So far they have sold a number of desireable properties with it in mind to expand the number of dwellings on an existing site (state house) futher along G.I.,creating, if you like  a socio economic boundary.
If we are truthful, I think we can say the pepperpot probably wasn't the greatest idea from the get go...... but inadvertantly or not as the case may be..... may have been longsighted landbanking.

The British Govt has actually

The British Govt has actually sent in the police and the bulldozers in a situation like this.
Bastards.

Actually it's the maori's

Actually it's the maori's that'll notice... Tried out motiti Island... Still trying and failing actually. Nothing like watching a good haka....

In fact 'Maori' is correct

In fact 'Maori' is correct usage for the plural.

Actually, Maori could do

Actually, Maori could do wonders for housing affordability in this country if they utilised their land intelligently.
Even their land that is currently a long way from cities, if they turned it into a kind of free enterprise zone, NZ would have its own Houston before long.
If only Tim Wikiriwhi was the Maori main man........ dream on, eh? Maori "spokesmen" as we have them at the moment (Harawira et al) would be more likely to build Cuba in the South Pacific, than Singapore or Hong Kong or Houston.

And of course, being the old

And of course, being the old grizzled ex-County-Treasurer that I am, here's a plug for them what wants ter do sumfing:
 
Find out when your local Council consults on its Draft Annual Plan
 
Submit on something in that plan (suggestion here, cut and paste away, me hearties)
 
Ask to be heard in support of your submission
 
And appear, speak, and be ignored (probably).
 
But not even bothering is infinitely worse......
 
s'called Democracy - but you have to work fer it....

The problem is population

The problem is population growth where the jobs are and the demand that this creates, take away the populaton growth and the cost of housing will stabilise, i.e. no need for many more houses, no excess demand.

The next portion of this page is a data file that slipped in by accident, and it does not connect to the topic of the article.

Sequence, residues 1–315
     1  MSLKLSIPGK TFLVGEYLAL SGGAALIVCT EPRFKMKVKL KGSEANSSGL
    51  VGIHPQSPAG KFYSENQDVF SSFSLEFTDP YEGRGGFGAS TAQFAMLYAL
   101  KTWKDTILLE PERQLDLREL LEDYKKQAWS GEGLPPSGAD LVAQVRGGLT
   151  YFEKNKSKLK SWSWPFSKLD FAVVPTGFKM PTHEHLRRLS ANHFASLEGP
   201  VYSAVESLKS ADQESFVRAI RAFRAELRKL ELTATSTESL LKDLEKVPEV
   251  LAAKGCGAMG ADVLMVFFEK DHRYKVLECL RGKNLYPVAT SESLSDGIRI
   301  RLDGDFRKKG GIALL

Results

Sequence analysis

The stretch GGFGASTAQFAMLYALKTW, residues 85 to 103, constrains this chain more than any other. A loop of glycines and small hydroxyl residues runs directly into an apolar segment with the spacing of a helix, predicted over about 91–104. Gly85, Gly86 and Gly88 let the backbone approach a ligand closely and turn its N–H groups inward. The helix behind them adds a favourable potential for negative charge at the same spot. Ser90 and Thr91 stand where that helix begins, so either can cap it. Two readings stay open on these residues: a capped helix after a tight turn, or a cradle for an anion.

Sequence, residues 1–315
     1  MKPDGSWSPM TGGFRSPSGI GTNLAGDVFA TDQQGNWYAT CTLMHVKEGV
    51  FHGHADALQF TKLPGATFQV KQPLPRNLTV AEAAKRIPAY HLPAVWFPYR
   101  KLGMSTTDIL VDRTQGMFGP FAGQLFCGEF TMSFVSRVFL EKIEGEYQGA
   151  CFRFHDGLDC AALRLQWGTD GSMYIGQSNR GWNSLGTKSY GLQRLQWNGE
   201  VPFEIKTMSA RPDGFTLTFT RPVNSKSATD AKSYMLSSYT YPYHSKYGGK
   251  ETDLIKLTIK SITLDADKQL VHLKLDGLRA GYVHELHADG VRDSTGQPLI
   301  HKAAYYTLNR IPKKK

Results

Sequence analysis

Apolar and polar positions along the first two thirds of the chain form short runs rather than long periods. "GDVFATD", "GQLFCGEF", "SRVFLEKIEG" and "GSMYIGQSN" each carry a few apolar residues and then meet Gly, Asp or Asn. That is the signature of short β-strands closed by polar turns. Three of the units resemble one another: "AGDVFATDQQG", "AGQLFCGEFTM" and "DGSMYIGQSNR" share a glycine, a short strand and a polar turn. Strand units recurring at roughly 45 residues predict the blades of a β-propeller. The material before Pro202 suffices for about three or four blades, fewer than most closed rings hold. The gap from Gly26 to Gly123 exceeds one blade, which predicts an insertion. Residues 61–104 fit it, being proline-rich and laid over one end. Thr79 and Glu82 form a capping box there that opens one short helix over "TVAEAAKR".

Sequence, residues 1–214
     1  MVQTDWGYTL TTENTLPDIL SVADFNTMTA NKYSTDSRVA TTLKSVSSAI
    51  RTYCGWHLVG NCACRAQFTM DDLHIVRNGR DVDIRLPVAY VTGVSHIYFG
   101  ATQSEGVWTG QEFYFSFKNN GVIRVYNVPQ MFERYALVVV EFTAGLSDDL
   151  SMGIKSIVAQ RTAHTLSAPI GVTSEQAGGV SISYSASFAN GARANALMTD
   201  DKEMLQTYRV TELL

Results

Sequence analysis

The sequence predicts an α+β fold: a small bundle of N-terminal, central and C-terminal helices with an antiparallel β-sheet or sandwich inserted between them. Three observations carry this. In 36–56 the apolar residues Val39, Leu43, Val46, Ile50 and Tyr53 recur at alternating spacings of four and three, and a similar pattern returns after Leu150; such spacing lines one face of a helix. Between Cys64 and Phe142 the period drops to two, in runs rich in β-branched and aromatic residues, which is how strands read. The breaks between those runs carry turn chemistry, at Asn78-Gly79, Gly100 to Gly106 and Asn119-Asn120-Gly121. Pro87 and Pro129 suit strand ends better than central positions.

Housing will never be affordable until population growth stops, as long as there is growth, affordability where people will want to live will fall. The current supply of resources required to house and employ are not infinite or increasing, and cannot keep up with demand for ever, so prices rise.
Have never seen a town where the population is falling suffer from affordability issues.

In Detroit, houses are

In Detroit, houses are available for $40,000 that would still be $300,000 here. That's what falling population SHOULD do. But cities in the UK that are "Detroit with tiny old houses" are STILL seriously unaffordable.
And check out the growth in Texas cities - Houston gone from 4 million to 5 million people in TEN YEARS - Dallas/ Forth Worth and San Antonio growing by similar amounts, Austin smaller but growing even faster in proportion; and the smaller cities growing insanely, like McAllen, 350,000 people in YR 2000, 800,000 people now.
Atlanta and a dozen other non Texas cities growing just as fast.
http://www.newgeography.com/content/002186-the-census%E2%80%99-fastest-g...
House prices? Hardly a blip on the graph. In fact, these places are growing BECAUSE they DO affordable housing and provide opportunity for businesses and their employees to get ahead.

You're still all over the

You're still all over the place.
You say the cheapest urban form is the best and then randomly say that low density is cheapest therefore low density is best - in Auckland it's the highest density that's cheapest so if you really wanted the cheapest you'd be arguing for high density.